A graceEmail subscriber asks what David meant in Psalm 51 when he said that he was conceived in sin, and what Paul intended in Ephesians 2 in saying we once all were children of wrath.
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Some believers conclude that both David and Paul are using hyperbole, deliberately overstating the matter to emphasize the extent to which we all participate in sinful activities. That explanation probably contains some truth, but it stops short of the full reality. Sin is not only a specific wrong deed; it is also a malignant force embedded in our fallen nature (Rom. 5:12ff). David looks at himself and confesses that he is a sinner and that he always has been–since the moment he was conceived. Paul says that even those who are finally saved once were controlled by sin and under God’s judgment.
Perhaps the easiest way to see the truth in David’s and Paul’s spot-on statements (not overstatements at all, as it turns out) is to look at one’s own self. When I honestly inspect my own heart in the light of all that God wishes to do in making me like Jesus Christ, I am a total failure. Every moral command God has given, I have broken–in spirit if not in actual deed. If I ever deny that, I will be lying and further proving the point. If I should ever pretend that it is not so and that I am not guilty before God apart from Jesus Christ, I would be a hypocrite of the worst sort.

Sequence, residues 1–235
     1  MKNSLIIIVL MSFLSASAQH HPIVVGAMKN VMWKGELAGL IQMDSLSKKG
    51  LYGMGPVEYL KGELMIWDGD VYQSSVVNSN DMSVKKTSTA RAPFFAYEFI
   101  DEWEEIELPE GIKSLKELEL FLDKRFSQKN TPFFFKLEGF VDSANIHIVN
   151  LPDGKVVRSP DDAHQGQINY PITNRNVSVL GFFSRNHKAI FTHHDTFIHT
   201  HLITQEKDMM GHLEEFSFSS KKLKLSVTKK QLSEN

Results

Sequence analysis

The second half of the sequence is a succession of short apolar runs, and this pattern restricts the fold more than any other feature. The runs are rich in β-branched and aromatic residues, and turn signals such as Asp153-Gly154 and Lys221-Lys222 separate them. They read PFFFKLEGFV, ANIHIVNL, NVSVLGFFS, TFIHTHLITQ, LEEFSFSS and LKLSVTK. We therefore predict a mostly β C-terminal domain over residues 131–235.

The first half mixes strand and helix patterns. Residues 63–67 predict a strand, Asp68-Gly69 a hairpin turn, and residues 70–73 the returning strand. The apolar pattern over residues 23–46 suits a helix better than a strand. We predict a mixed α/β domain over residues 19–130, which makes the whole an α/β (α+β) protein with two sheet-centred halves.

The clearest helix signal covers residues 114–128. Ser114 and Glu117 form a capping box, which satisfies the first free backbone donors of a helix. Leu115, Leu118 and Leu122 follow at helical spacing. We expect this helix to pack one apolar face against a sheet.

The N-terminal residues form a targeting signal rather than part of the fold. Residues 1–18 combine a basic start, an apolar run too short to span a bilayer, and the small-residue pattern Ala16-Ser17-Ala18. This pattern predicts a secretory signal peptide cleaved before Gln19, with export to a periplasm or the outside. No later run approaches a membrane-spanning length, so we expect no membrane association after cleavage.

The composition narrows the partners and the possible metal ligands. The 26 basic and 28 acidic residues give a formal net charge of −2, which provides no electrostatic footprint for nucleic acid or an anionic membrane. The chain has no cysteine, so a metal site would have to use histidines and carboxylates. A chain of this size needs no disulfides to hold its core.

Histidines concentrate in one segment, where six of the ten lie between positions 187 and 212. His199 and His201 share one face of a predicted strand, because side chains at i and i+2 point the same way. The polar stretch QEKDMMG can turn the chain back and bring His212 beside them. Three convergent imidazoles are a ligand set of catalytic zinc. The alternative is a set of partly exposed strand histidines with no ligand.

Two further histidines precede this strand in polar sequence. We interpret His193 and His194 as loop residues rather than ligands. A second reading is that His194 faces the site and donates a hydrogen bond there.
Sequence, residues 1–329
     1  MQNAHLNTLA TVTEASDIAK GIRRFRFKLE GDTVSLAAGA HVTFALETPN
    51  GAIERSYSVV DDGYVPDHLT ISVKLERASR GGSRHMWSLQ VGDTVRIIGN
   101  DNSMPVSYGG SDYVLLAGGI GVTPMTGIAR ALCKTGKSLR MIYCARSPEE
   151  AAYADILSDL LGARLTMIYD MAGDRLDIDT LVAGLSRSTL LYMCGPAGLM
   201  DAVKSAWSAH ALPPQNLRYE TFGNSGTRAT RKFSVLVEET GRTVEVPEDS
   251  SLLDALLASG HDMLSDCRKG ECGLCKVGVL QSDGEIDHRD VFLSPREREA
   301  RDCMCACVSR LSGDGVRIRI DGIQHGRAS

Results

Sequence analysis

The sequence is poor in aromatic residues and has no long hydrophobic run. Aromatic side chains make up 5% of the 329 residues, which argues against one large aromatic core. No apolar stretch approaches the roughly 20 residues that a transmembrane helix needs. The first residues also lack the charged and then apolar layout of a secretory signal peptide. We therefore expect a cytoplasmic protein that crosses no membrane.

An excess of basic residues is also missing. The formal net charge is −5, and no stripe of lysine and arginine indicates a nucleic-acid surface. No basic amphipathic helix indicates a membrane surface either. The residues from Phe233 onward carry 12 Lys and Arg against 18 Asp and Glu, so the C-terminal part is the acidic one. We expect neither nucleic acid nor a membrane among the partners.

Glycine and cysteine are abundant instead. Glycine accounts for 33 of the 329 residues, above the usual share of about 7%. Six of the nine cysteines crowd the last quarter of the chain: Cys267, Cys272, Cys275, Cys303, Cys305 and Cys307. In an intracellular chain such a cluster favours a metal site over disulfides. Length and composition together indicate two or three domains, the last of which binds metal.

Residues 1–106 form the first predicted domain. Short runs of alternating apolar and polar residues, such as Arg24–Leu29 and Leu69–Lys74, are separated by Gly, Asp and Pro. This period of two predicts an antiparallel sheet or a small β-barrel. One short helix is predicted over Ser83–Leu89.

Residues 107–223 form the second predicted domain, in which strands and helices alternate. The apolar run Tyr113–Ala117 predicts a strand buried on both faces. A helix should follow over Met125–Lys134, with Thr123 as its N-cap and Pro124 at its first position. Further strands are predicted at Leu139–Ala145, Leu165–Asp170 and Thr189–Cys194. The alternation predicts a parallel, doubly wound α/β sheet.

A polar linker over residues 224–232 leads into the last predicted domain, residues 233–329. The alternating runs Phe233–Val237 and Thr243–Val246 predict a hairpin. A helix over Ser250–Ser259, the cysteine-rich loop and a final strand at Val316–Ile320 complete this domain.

But instead of denying my sinfulness, I confess it. Rather than pretending to be something I am not, I constantly admit that my aims are higher than my achievements. My goals exceed my performance. My desires surpass my ability to carry them out. But because God is rich in mercy, I am now a saved one by grace through faith (Eph. 2:3-9). God has declared me righteous–and by declaring it, he made it so. He is now transforming me into the image of Jesus Christ. This is all from God, and it is a free gift. It is all to the praise of the glory of his grace.
I couldn’t have stated this truth any better. Because what my friend Edward Fudge says is true is the specific reason we need Christ and what his work affords those who trust him.I, like Edward, often find that I fail to live up to my own expectations and my heart is not fully turned toward God. So, it is with thanksgiving that I proclaim that God is a God of grace, giving sinful, ungodly people what they don’t earn or deserve.
If you are not a subscriber to Edward Fudge’s gracEmail you should become one today. You will be blessed by the heart of this good man. Go to EdwardFudge.com and sign up for his weekly treasure of wisdom.